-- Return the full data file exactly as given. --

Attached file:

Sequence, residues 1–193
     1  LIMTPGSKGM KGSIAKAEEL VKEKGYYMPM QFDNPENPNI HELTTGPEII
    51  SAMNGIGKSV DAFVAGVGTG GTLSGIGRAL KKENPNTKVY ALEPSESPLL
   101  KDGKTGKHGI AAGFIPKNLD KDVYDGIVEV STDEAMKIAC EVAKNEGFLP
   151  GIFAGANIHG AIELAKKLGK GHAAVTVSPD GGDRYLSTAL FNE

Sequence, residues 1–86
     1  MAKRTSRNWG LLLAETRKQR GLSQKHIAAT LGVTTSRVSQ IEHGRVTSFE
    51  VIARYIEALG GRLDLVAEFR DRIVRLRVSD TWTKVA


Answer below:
Sequence, residues 1–193
     1  LIMTPGSKGM KGSIAKAEEL VKEKGYYMPM QFDNPENPNI HELTTGPEII
    51  SAMNGIGKSV DAFVAGVGTG GTLSGIGRAL KKENPNTKVY ALEPSESPLL
   101  KDGKTGKHGI AAGFIPKNLD KDVYDGIVEV STDEAMKIAC EVAKNEGFLP
   151  GIFAGANIHG AIELAKKLGK GHAAVTVSPD GGDRYLSTAL FNE

Sequence, residues 1–86
     1  MAKRTSRNWG LLLAETRKQR GLSQKHIAAT LGVTTSRVSQ IEHGRVTSFE
    51  VIARYIEALG GRLDLVAEFR DRIVRLRVSD TWTKVA